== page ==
5. I get up early because I have to be round my parents house, to let the carers and district nurse in. I found that I can do this but it has until recently been done grudgingly and hasn’t made for the best way to start the day.

    So I contrived to do some daily missions in STO that are on a 20 hour cooldown, so that they always became available roundabout the time I get up. I have found that waking up, getting on to the PC and doing a quick 15 minute mission, helps me get mentally set up for the day.

    • Naithin says:

      I wonder if this plays into what Frosti mentioned in an earlier comment, around how seperating the act of waking from the actual obligation forcing you to awake can improve your happiness about the whole thing.

      I would think it probably does, but either way I’m glad this is working for you!

      I’m not 100% sure I could do the same, mainly I think due to a lack of discipline around time spent. Or even if the discipline was maintained (more likely with my current age and mentality, I think, than it was back in the day) then it would be another direct interface between a thing I’d rather do and an obligation, powerful enough to create the same sense of ill-will that it would’ve had if I’d just gotten up straight to do it.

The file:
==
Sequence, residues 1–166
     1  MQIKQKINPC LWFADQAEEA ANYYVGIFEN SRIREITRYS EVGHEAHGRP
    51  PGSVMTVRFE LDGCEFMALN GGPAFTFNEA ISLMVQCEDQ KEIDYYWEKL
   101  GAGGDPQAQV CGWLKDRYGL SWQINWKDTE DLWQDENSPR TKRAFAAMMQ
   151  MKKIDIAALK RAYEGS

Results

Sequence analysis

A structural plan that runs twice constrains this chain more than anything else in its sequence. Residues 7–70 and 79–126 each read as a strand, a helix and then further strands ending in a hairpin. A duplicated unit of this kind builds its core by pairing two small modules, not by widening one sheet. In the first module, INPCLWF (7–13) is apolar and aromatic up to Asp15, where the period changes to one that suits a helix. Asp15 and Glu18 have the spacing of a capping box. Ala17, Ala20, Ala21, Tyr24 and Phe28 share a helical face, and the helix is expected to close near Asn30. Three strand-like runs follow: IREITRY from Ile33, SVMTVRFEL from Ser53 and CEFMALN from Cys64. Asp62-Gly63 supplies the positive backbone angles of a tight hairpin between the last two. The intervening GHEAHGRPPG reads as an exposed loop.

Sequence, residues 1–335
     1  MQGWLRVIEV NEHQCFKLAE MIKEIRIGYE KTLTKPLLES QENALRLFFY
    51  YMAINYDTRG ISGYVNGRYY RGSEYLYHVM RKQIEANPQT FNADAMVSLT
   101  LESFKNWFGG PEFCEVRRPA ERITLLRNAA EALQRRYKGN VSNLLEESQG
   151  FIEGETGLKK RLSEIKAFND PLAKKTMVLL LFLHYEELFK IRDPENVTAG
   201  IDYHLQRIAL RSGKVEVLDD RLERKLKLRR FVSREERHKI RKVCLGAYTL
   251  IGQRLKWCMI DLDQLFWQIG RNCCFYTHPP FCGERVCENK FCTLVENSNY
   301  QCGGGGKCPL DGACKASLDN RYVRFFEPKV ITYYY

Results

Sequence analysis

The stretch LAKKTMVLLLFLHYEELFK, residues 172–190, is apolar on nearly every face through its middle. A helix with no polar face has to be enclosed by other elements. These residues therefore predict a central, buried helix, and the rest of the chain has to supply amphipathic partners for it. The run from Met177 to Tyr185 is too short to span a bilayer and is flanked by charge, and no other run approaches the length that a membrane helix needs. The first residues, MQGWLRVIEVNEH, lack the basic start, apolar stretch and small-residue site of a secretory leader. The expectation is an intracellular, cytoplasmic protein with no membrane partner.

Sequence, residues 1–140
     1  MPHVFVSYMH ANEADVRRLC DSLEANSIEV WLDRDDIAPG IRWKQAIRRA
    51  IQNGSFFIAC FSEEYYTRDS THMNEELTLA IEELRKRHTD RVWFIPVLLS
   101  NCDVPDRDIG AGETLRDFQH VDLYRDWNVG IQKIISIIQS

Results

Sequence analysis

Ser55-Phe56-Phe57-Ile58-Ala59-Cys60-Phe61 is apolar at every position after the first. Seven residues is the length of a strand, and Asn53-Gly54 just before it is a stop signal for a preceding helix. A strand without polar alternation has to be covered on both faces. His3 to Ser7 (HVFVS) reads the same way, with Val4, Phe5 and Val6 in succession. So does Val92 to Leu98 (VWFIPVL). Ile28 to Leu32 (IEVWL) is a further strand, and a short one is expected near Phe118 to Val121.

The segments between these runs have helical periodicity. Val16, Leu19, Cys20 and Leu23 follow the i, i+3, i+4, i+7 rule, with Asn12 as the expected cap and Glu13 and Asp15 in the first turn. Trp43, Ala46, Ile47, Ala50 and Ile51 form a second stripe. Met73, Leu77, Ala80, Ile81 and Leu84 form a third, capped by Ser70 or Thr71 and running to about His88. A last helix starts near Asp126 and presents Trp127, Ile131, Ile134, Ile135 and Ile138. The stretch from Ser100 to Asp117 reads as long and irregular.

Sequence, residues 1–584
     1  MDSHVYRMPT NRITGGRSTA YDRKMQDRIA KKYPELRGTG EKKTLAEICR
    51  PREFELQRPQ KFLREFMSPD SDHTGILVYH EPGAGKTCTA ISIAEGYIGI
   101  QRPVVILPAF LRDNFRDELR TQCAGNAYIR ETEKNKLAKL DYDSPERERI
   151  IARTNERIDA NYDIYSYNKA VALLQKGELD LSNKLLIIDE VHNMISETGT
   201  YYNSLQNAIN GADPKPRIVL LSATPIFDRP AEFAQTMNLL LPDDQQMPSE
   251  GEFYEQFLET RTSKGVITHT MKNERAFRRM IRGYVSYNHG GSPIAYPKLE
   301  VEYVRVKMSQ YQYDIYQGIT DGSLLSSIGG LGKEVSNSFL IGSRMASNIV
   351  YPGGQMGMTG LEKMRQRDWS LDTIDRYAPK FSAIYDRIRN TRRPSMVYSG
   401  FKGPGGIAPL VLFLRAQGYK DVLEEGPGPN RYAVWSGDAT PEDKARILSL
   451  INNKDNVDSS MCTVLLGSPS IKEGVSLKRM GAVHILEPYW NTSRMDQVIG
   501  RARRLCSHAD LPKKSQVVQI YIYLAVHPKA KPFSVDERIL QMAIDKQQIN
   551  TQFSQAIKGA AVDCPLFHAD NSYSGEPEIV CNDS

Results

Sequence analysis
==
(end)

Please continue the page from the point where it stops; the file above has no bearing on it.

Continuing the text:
…Maybe. I don’t know. It’s been a long time since I really let myself touch a game in the morning other than on a weekend!

  6. Bhagpuss says:

    I wouldn’t worry about it. It will change as you age whether you want it to or not. There are very good biological reasons why teenagers sleep until noon and old people get up with the sun.

    It also depends hugely on what time of the year it is, what your local weather patterns are, what you do – or don’t – have to do, the state of your health… If you’re comfortable getting up at nine am and that doesn’t cause problems with the things you need to do then why change your routine?